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Christopher Hitchens concludes his memoir, 'Hitch-22', by noting of his shift in ideology that finally he had learnt to think for himself. A longtime erstwhile Communist he nonetheless had no time for the totalitarian regimes that fly the Communist flag; he did, however, enormously respect Karl Marx, who on top of everything else was also a fine journalist.In 'Arguably' Hitchens proves inarguably to have been one of the greatest journalists and writers that the modern world has produced. Each and every one of these articles is worth the time it takes to read them. Another reviewer has complained of the breadth and depth of Hitchens's quotations, that to read one book review one must first have read half of the last century's literature, but this raises two points: why would one not want to have read the best that civilisation has produced? and; does it really get in the way when Hitchens quote Auden or Orwell to make his point clearer? To the first question, I would say that answering it is getting expensive: I kept a notepad and pen at my side as I read, noting down useful new items of vocabulary (unctuous, synecdoche, esurient) and also the names of the writers he mentions. I did the same with 'Hitch-22' and it has come close to bankrupting me, but I did it happily and feel enriched. I only wish I could get a closer look at the books on his bookshelves, sadly soft-focussed on the cover of this beautiful volume.As for the second question; well, for the next six months of my still nascent writing career I imagine I will do everything I can to emulate - nay, copy - Hitchens's writing style, trying along the way to draw together a million different influences and facts and factoids to make a more compelling narrative. Well, one has to start from somewhere, and at least I already sign my name 'Christopher'.
The Death of Bunny Munro: A Novel

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How does one read a book like 'The Death of Bunny Munro'? Does one take it at face value, and decry its constant misogyny, its lack of any moral compass, and its unlikable protagonist? Or does one do what one might have done with Amis's 'Money' and enjoy the literary ride, or with Ellis's 'American Psycho' treat the book as satire, a commentary of consumerism culture where here sex and women are items to be consumed, though at the price of one's soul?I was given this book as a Christmas present and it took me all year to bring myself to read it. I'm not a fan generally of non-writer writers; I didn't think much of Ethan Hawke's efforts, and would have preferred him to stick with the acting; I don't even like Nick Cave's music, so I was tempted to write this one off from the very start. It was only the dim and distant feeling of otherwise disappointing the gift-giver if I gave up that kept me going at the start, and when I looked beyond the purplish prose I managed to find the spirit to run on through to the end. I'm glad I did - 'Bunny Munro' was a surprisingly good read, and if nothing else will make me reconsider Nick Cave, both as a writer and as a singer. Perhaps, if it didn't sound so contrived and conceited, it would be better to call him a wordsmith and be done with it.
Bel Canto

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I'm not sure, honestly I'm not. I was recommended this book by a friend - a female friend, it should be pointed out - who said that it was one of the best books she'd ever read and that I would love it. I enjoyed it, but love? No, sadly not. I wonder though - is this an example of the male/female divide in fiction? The writing in this book, the way that the author would suspend the action to tell you the intricate backstory of the person involved, and then the backstory of another person obliquely involved, before perhaps - only perhaps - returning to the action; well, is it a writing style that is more enjoyed by women than by men?I lay myself open to claims of sexism here, but I can't think of another book by a male writer that was so tentative and willing to let the plot take such a back seat. That's not to say that sometimes the tangents explored were not worth exploring, but just that, trimmed of the digressions, the story would not run to more than about 40 pages.There were some great scenes; the part where the French hostage took on the role of chef and demanded access to the knives was well done; but otherwise the characters and their empty or unconvincing. That opera should have such a great effect on the hostage takers - well, I'm not sure about that as much as anything else.And one other little point: the country in which all of this takes place is never mentioned directly, only by the slightly clumsy reference to 'the host nation' or 'the host country'. Would it be so ridiculous to come out and say it? I noticed that the James Bond movies lately have been almost as bad; in Casino Royale the bomber seeks refuge in a made-up African country's consulate, though in Quantum of Solace there seems to be no problem whatsoever in calling Bolivia Bolivia, and filling the cast with shady and corrupt politicians and generals. So why not here?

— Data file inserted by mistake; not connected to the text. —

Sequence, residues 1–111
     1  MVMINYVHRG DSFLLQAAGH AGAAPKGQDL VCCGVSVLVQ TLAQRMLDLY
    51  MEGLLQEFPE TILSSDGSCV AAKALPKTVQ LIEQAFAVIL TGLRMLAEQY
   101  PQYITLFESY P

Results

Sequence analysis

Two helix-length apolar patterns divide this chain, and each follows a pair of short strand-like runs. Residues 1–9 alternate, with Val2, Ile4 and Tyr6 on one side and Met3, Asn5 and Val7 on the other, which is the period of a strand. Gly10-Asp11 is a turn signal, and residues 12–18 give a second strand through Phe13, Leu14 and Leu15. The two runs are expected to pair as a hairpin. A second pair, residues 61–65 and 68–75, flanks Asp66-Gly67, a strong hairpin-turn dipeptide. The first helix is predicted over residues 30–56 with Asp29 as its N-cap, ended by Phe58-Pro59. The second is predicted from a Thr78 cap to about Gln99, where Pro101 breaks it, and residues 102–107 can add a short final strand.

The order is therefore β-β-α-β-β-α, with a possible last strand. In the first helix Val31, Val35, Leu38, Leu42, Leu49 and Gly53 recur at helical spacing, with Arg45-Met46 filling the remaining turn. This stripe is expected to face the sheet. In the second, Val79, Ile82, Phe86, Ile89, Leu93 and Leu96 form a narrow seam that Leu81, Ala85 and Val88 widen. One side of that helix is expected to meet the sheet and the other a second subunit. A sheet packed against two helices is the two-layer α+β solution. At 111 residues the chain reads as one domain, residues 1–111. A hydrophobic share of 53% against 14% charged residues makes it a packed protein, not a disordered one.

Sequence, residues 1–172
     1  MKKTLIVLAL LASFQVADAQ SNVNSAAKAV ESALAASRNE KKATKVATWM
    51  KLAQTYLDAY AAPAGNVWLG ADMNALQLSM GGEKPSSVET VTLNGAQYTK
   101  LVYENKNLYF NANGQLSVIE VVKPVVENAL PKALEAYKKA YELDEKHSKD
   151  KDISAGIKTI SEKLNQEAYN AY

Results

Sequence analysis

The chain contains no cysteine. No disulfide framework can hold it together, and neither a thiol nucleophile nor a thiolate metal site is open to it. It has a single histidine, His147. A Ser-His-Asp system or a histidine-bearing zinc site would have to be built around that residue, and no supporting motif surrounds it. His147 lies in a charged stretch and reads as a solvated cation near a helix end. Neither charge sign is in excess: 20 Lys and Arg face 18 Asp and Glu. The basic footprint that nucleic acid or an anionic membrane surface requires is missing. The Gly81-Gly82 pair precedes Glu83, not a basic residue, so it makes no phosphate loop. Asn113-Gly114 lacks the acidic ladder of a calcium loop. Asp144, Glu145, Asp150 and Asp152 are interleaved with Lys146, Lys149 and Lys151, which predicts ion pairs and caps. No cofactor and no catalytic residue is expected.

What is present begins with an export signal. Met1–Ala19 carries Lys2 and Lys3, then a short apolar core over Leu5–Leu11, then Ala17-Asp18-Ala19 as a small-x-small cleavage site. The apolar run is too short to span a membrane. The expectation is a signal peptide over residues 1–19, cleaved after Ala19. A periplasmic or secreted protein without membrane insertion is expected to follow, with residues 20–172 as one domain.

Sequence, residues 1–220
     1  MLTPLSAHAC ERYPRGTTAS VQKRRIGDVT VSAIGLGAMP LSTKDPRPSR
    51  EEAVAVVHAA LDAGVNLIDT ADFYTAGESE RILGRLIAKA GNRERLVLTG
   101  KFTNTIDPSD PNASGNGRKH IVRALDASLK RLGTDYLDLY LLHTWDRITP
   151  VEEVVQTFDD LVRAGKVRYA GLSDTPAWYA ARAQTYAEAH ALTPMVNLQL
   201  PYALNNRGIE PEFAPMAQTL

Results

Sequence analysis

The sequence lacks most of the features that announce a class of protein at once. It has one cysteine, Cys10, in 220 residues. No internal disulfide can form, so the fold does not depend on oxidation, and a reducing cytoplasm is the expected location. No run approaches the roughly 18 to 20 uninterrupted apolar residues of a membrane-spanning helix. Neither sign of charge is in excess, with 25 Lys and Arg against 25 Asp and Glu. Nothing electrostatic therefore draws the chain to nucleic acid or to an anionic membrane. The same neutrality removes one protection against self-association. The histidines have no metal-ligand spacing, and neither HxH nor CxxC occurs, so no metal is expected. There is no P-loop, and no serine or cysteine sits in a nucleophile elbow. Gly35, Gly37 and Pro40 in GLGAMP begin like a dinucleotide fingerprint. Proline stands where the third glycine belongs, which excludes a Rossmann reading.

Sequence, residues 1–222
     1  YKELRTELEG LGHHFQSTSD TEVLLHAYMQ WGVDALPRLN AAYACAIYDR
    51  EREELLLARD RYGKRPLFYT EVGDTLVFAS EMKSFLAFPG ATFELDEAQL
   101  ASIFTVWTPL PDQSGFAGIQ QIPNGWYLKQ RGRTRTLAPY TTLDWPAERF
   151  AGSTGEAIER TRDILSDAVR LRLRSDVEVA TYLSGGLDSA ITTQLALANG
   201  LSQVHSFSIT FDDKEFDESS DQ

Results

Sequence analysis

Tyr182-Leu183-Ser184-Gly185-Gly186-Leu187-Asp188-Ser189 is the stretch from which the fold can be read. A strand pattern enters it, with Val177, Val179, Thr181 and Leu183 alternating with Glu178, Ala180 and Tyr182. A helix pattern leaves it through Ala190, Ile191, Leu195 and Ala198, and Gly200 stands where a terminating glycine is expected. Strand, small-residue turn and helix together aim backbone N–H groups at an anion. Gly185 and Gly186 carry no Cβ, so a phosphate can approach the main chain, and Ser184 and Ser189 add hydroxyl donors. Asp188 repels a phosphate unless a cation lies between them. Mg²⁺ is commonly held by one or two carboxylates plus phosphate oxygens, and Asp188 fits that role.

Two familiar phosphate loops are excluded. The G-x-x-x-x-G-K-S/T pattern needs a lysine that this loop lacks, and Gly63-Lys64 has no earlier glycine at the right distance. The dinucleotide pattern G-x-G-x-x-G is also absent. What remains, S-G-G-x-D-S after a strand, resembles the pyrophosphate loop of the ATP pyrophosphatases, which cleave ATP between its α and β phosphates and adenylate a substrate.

Hitch-22: A Memoir

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Christopher Hitchens's memoirs, like his other writings, is remarkably satisfying in its breadth of content and its approach to reporting on a life well and truly lived. In fact, Hitchens lived so much that I was almost depressed by reading of his adventures, especially considering that he did so much so young, and what do I have to say for myself?However, one should know before reading this volume that these are Hitchens's memoirs, not an autobiography of such. Although he discusses his relationship with his parents at length, and the late-in-life revelation of his Jewish ancestry, he manages to avoid for the most part mentioning either of his wives (or at least how his marriage came to have a sequel) or his relationship with his brother. There is still much work available for any would-be biographer, though the prose here is so faultless that the task should not be taken on lightly.In all, a magnificent work, and I feel truly better for having read it.
Just My Type: A Book About Fonts

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Shame about the cover - such an ugly affair, almost as if it obeys one of the so-called laws of typography, that one should not use more than three fonts on a single page. Anyway, the book itself is a fascinating journey through the history of typography, well illustrated (and this is crucial for a book about type!), and just long enough that it doesn't get boring.
Rasselas, Prince of Abyssinia

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Samuel Johnson's fine book rather reminded me of Voltaire's 'Candide', except there isn't quite as much travelling, and the variety of philosophical ideas expounded upon is much greater. The book was remarkably readable for one quite so old, and as an English Teacher I found it fascinating to see how usage has changed in the intervening period; we use commas differently, and we no longer write musick or rustick.Johnson is also eminently quotable. This piece really stuck in my mind: "All skill ought to be exerted for universal good; every man has owed much to others, and ought to repay the kindness he has received." For me, this is the perfect way of looking at the Internet as a whole, and explains the logic behind all those wonderful writers scribbling away and posting their thoughts online for the world to see.